“The Norgestrel seems to work by stimulating the production of a protein survival factor called FGF from neighbouring cells in the eye and this helps the light detecting cells to survive and the animals to see,” says Professor Cotter.” FGF binds to the surface of the light detecting cells and sends a signal to their DNA to up-regulate strong cells survival pathways. In other words, it ‘beefs up’ the cells, makes them stronger and better able to resist the destructive effects of the damaged gene that causes the disease.
With this project grant, Professor Cotter and his team hope to carry out longer studies in animal models of retinitis pigmentosa to see how long the protective effects last for, what is the best method to deliver the compound and which doses will be most effective. They will investigate the mechanism of action in the retina of the Norgestrel compound to see how this drug works as a photoreceptor protectant.
Fighting Blindness will invest €150,000 in this work over the next three years in order to help progress this promising treatment closer to the clinic.
There are a large number of chemicals that can act as anti-oxidants in the eye. Some can be taken orally (like vitamin supplements), and others which must be delivered directly to the eye (e.g. in the form of eye drops). There is strong basic science support for the value of lutein, zeaxanthin, and omega-3 fatty acids in promoting eye health for patients with AMD, and the scientific and medical community are eagerly awaiting the release of a large clinical trial called age-related eye disease Study 2 (AREDS2) that will be published in 2013.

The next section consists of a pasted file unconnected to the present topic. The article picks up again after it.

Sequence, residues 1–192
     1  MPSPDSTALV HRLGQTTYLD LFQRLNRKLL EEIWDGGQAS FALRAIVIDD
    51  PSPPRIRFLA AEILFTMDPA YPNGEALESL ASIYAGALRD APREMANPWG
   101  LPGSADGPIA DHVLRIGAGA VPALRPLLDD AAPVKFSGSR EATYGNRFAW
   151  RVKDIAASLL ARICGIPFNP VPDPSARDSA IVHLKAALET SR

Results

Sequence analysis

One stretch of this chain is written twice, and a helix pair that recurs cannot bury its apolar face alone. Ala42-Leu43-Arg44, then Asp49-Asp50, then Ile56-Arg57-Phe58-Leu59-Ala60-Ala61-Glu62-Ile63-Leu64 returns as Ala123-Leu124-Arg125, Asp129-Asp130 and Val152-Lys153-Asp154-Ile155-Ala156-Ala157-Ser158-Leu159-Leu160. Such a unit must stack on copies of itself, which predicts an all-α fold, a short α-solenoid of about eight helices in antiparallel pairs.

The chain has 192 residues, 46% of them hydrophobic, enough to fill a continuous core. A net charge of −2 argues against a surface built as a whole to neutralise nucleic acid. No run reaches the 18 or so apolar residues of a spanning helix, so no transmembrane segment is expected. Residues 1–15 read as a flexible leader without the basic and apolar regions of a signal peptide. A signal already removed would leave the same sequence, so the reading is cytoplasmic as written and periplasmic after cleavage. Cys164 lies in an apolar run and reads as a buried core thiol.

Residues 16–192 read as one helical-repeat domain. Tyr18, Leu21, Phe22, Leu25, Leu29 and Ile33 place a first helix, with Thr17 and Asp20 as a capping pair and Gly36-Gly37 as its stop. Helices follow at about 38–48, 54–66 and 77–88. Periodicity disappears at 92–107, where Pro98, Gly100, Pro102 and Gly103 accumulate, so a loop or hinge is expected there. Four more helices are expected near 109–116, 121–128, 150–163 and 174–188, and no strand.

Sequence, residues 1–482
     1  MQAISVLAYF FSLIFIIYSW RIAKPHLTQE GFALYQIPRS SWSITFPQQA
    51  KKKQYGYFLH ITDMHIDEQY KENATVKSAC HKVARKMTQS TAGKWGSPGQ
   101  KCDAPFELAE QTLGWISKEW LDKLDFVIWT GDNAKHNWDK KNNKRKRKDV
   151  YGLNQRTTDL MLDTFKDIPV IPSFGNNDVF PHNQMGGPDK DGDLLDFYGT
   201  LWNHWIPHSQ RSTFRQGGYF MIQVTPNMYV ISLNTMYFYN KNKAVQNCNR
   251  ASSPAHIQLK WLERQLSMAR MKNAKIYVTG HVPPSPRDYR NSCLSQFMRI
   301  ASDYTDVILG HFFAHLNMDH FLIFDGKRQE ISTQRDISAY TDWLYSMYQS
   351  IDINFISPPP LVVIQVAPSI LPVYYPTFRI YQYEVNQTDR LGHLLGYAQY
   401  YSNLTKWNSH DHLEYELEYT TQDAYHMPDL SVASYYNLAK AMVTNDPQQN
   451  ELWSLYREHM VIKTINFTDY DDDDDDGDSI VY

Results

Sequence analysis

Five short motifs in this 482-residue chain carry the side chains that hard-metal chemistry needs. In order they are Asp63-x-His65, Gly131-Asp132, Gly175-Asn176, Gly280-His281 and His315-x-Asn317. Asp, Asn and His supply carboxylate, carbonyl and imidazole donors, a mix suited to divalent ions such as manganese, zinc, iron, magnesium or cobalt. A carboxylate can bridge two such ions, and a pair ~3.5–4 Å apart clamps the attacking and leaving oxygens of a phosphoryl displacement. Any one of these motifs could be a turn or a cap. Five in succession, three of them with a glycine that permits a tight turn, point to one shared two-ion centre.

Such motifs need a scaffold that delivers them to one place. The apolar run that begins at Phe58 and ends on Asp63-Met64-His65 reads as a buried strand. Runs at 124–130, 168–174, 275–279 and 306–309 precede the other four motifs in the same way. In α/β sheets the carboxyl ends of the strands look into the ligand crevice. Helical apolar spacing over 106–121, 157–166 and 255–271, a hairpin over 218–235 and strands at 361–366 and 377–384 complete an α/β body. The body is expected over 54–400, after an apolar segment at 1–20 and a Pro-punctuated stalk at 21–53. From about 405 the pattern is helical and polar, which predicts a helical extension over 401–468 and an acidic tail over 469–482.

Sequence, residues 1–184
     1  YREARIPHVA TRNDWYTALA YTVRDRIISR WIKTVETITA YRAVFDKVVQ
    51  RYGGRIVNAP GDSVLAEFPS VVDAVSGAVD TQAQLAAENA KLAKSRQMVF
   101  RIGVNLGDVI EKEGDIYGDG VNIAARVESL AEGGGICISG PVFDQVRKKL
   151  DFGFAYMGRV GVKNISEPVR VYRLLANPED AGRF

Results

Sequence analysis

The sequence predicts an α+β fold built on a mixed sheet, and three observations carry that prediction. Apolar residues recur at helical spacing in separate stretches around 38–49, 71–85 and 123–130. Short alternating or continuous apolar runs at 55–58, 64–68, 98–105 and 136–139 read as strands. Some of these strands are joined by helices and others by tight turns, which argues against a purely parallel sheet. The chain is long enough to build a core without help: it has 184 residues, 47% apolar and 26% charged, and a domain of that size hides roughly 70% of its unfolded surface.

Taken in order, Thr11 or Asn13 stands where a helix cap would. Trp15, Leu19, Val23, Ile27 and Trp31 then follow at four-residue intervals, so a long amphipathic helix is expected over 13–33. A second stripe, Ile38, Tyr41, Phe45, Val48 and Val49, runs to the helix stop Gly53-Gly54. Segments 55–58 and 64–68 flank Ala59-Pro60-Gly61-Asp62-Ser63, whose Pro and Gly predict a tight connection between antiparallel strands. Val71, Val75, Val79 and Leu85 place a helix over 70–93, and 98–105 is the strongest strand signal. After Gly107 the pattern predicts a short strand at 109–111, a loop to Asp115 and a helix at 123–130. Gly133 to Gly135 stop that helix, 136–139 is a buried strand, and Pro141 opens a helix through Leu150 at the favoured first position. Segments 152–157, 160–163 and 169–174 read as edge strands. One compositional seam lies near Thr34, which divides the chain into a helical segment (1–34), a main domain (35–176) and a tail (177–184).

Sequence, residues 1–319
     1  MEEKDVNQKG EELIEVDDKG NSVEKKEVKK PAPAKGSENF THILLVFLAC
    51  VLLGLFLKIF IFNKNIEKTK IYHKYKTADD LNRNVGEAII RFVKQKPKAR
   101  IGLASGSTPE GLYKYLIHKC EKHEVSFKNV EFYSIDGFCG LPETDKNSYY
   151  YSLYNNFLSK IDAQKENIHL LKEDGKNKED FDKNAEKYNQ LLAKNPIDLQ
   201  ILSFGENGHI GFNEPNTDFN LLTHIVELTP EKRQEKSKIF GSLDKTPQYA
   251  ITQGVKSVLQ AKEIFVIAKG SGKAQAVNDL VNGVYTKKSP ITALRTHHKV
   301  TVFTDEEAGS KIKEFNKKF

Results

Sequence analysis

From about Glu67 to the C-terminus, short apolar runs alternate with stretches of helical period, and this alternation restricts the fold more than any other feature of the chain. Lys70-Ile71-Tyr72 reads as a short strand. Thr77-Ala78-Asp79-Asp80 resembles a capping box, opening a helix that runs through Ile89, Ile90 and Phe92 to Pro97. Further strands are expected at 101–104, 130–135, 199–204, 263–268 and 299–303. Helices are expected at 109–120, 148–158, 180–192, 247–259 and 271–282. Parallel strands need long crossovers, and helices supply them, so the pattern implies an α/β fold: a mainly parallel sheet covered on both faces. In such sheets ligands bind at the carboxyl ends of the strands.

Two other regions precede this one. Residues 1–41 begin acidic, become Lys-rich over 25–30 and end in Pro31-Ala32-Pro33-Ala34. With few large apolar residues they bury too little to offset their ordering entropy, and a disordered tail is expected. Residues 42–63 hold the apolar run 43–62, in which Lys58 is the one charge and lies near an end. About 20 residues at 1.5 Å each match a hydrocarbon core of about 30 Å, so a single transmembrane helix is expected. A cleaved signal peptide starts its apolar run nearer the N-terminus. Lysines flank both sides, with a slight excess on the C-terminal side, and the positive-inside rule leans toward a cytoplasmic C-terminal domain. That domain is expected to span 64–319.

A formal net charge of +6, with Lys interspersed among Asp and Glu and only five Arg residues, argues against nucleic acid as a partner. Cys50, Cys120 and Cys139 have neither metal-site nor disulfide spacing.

New drugs and combinations of drugs are also being investigated as antioxidants. Recent work from the University of Alicante and others has demonstrated that a compound known as TUDCA is a potent antioxidant. TUDCA is found in high quantities in the bile of black bears and has been synthetically available since 1954. Mice treated with TUDCA demonstrate lower numbers of photoreceptor cell death compared to controls. TUDCA also prevents the reorganisation of the retina seen in late stage of retinal injury and maintains the network of blood vessels of the retina in a mouse model of RP. Similarly, dietary supplementation with another compound known as Safranal, which is an extract from saffron, and noted for its antioxidant properties slows photoreceptor cell degeneration, and suggests that Safranal could potentially be useful to retard retinal degeneration in patients with RP.
Another example is a recent clinical trial led by Newcastle University that has shown that the potent antioxidant, Idebenone (Catena®), improved the vision and perception of colour in patients with Leber’s hereditary optic neuropathy (LHON).